Bloggers on FIRE – Cashflow Cop


In our Bloggers on FIRE series, we interview European FI bloggers to find out what makes them tick. Our aim is to build up a “who’s who” directory for the European FI blogging world. We hope you enjoy the series and discover some new blogs to follow. You can find a full list of our Bloggers on FIRE interviews here.

Bloggers on FIRE Profile Card Cashflow Cop exp

Please briefly introduce yourself to FIREhub.eu readers


Hello everyone!  I’m the Cashflow Cop, a.k.a ‘CfC’.

I’m 34 years old and live in the UK with my wife and two young boys.  As you can tell from my name, I am a Police Officer full time.  My wife is in the military and together we are working hard to reach financial independence by the time I’m 40 in 2025.

At my blog, I write on various different topics including property investing, how to achieve financial independence and parenting.  The three most popular things on my site are: 1) The FI Score Test [FIST]; 2) The Ultimate Directory of FIRE Calculators; and 3) Humans of FI.

What is your backstory?


I am an immigrant and came to the UK when I was still a baby.  Our family fled a war-torn country on a wooden boat and were miraculously rescued after spending 10 days at sea. 

We were the lucky few who survived such a trip.

As a result of fleeing where we came from, freedom is something which I am truly grateful for and appreciate.  This is why financial independence is so important to me. 

Why do you want to reach Financial Independence?


When I travel, I sometimes see how those living in much poorer countries are strangely happier.  They do not value ‘things’ but care more about the people and the environment around them.  They have a strong community spirit. 

Once I return home in the UK, I just see people rushing around, spend time commuting to work, stressed once at work, return home tired only to spend what little time at home preparing for work again. 

Is this really freedom?

Many people are chained to their jobs, brainwashed into trading their precious time for endless shiny new ‘things’. 

For me, this is a sad existence and not what my family risked life and death for.

To ensure I stay true to myself, I use what is called ‘The Stone of Life’.  The concept has helped me as I progress on the path toward Financial Independence.  It does not let me forget that money is only a tool to help me buy more time with my family.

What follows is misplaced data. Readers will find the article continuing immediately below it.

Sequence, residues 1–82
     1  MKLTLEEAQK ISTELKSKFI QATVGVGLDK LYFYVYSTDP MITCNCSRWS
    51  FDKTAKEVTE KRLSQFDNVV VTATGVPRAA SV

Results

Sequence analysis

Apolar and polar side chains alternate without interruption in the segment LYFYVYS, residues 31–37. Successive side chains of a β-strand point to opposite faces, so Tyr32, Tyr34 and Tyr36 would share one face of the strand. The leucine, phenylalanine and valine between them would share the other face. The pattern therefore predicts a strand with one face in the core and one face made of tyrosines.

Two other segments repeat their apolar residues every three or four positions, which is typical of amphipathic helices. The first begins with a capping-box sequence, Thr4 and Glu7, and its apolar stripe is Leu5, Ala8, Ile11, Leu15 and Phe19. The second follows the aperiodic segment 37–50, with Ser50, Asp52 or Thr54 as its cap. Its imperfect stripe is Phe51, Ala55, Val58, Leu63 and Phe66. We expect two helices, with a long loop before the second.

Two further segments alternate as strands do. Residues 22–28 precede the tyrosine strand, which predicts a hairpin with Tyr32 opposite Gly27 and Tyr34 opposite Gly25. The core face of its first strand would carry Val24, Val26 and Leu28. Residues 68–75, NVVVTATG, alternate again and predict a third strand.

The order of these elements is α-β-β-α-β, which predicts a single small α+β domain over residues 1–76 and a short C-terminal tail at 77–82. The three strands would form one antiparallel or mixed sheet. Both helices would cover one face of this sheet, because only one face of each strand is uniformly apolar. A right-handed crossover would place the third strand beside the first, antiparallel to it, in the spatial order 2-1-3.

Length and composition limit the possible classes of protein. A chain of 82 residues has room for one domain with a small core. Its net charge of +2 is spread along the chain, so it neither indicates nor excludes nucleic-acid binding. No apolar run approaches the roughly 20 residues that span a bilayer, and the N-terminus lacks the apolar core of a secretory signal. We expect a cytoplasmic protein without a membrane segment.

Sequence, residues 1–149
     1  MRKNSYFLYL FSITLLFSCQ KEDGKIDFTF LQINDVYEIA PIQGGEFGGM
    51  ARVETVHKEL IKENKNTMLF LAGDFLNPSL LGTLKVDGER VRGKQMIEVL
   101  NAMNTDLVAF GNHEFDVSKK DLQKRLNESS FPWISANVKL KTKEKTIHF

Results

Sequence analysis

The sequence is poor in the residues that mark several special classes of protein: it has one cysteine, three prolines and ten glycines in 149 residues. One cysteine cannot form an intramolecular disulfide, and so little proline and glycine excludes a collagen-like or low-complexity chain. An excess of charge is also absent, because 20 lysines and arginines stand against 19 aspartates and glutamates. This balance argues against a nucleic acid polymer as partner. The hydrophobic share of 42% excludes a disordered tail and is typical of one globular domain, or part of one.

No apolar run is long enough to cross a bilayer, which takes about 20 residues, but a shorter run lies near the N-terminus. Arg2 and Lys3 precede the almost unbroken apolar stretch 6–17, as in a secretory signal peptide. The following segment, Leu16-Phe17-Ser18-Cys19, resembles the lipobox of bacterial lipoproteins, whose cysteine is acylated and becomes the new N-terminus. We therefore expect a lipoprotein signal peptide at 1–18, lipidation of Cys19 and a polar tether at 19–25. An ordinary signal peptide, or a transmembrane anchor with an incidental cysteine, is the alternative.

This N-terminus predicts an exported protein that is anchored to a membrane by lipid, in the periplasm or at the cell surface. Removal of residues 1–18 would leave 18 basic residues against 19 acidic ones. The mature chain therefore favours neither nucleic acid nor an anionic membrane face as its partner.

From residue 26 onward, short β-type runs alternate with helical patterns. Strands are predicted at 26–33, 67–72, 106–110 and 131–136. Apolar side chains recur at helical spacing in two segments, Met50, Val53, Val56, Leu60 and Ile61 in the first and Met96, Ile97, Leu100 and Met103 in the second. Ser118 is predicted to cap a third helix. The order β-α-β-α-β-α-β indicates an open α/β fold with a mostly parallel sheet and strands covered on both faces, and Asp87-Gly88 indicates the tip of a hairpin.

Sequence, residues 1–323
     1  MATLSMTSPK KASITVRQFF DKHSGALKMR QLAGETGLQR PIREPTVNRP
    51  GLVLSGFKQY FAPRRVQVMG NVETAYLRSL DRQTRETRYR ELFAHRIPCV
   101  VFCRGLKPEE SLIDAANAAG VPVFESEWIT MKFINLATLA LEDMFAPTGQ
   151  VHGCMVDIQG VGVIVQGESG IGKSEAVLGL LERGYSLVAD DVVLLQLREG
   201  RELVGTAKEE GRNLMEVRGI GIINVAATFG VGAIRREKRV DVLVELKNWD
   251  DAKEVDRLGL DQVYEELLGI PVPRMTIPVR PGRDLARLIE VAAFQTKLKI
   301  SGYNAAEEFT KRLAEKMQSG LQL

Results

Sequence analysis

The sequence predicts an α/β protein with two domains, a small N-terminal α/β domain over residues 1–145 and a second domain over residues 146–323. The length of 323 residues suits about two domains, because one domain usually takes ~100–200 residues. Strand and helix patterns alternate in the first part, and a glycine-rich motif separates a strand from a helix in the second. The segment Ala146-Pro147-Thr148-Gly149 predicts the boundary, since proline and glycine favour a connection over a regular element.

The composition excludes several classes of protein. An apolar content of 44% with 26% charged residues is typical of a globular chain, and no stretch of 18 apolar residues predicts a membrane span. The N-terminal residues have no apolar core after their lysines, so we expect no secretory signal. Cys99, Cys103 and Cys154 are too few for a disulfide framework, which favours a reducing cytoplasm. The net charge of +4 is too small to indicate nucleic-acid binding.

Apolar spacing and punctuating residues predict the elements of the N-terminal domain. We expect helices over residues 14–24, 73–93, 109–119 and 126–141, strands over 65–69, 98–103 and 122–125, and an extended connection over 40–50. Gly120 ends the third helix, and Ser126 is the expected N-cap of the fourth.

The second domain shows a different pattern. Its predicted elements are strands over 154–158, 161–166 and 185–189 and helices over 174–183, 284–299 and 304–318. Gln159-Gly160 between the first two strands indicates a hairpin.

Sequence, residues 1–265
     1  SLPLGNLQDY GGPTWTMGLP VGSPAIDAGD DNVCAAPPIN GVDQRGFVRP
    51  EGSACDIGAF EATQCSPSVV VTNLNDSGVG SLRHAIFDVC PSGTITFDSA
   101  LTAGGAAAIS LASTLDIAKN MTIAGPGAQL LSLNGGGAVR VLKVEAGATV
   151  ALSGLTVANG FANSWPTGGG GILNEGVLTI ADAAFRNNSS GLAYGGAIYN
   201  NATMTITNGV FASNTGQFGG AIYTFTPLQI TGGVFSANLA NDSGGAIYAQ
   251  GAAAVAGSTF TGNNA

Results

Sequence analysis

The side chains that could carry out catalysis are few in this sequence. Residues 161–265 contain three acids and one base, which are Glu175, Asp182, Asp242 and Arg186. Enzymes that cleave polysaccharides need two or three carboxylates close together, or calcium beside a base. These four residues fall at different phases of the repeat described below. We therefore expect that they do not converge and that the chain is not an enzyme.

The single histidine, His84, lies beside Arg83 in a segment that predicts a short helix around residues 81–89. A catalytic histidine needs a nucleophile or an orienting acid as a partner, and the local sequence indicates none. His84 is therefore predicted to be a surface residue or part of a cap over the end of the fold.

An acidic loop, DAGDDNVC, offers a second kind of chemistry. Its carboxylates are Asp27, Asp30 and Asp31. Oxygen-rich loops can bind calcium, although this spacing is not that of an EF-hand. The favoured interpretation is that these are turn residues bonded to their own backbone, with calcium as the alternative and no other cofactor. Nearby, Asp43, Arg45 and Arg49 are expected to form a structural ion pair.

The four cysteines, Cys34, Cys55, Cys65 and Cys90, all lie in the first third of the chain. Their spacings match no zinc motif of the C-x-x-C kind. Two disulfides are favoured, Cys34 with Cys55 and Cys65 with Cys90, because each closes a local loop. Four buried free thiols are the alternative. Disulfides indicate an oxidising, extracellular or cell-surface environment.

Money is not the end goal.  My family are.

How much is your “enough”?


I am aiming for FI+ which is 1.25x ‘normal FIRE’, with a withdrawal rate of 3%.  Yup, I’m conservative!  You can see my full FIST Score Card here.  

Our enough is likely going to be between £3k to £5k per month after tax. 

It’s quite a big range because we haven’t decided on the level of FI we want yet. 

Looking at our past numbers, we should live comfortably on £2k per month after tax.  Our wildest dreams further below will explain why we we want to keep our options open by aiming for a higher number.

We have set a date of when I’m 40 because it would give our eldest child a good few years of full-time travel before he hits secondary school. 

What do you want to do with your life once you reach Financial Independence?


Our plans for once we’re FI relates to tracing my roots.  In summary, this means family travel, having the time to be present, to teach our children and do charity work.  Yes, a hammock and beach might also make an appearance, but in seriousness, I might choose to continue to work in some small capacity. 

The key word here is: ‘choose’.  Having the freedom to do only the work which I am passionate about so long as it does not impact on my valuable family time.